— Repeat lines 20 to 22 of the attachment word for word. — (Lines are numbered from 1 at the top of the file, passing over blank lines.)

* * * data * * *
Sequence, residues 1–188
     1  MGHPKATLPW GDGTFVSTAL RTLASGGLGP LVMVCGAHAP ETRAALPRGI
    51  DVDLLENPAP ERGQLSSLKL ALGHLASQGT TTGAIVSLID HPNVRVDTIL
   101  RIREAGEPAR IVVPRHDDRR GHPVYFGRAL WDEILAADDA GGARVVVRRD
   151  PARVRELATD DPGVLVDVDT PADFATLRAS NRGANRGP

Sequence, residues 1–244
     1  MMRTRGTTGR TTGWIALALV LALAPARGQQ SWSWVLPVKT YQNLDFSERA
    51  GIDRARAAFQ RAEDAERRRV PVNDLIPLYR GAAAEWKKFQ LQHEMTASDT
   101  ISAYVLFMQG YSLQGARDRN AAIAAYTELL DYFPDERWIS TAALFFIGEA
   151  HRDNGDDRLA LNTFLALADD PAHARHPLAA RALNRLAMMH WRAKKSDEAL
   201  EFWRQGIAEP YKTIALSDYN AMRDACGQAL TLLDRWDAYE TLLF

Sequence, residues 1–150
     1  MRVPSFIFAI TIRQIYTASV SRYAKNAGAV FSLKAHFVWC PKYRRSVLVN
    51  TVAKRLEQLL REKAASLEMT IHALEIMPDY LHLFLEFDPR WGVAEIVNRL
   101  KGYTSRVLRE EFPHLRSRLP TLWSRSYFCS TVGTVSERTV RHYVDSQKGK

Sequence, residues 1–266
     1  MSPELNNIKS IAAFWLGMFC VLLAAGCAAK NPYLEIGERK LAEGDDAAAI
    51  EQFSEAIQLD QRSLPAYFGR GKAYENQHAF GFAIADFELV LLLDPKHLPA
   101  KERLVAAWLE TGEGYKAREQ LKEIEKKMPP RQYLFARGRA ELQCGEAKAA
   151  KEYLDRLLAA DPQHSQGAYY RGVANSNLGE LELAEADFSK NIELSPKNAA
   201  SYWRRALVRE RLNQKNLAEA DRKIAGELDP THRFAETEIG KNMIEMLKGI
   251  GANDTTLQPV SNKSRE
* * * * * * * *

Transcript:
   151  KEYLDRLLAA DPQHSQGAYY RGVANSNLGE LELAEADFSK NIELSPKNAA
   201  SYWRRALVRE RLNQKNLAEA DRKIAGELDP THRFAETEIG KNMIEMLKGI
   251  GANDTTLQPV SNKSRE